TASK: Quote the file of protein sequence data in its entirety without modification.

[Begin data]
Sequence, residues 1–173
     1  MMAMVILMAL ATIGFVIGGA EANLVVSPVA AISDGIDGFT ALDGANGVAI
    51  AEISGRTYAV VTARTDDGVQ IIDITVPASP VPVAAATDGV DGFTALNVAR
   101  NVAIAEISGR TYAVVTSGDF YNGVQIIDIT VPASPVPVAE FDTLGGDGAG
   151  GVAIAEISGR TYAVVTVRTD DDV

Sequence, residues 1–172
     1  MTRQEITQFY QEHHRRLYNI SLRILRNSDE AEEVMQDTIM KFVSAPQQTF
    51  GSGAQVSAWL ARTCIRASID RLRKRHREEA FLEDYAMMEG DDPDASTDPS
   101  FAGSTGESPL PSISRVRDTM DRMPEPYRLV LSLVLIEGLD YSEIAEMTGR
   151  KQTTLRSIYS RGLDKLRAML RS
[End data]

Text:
Sequence, residues 1–173
     1  MMAMVILMAL ATIGFVIGGA EANLVVSPVA AISDGIDGFT ALDGANGVAI
    51  AEISGRTYAV VTARTDDGVQ IIDITVPASP VPVAAATDGV DGFTALNVAR
   101  NVAIAEISGR TYAVVTSGDF YNGVQIIDIT VPASPVPVAE FDTLGGDGAG
   151  GVAIAEISGR TYAVVTVRTD DDV

Sequence, residues 1–172
     1  MTRQEITQFY QEHHRRLYNI SLRILRNSDE AEEVMQDTIM KFVSAPQQTF
    51  GSGAQVSAWL ARTCIRASID RLRKRHREEA FLEDYAMMEG DDPDASTDPS
   101  FAGSTGESPL PSISRVRDTM DRMPEPYRLV LSLVLIEGLD YSEIAEMTGR
   151  KQTTLRSIYS RGLDKLRAML RS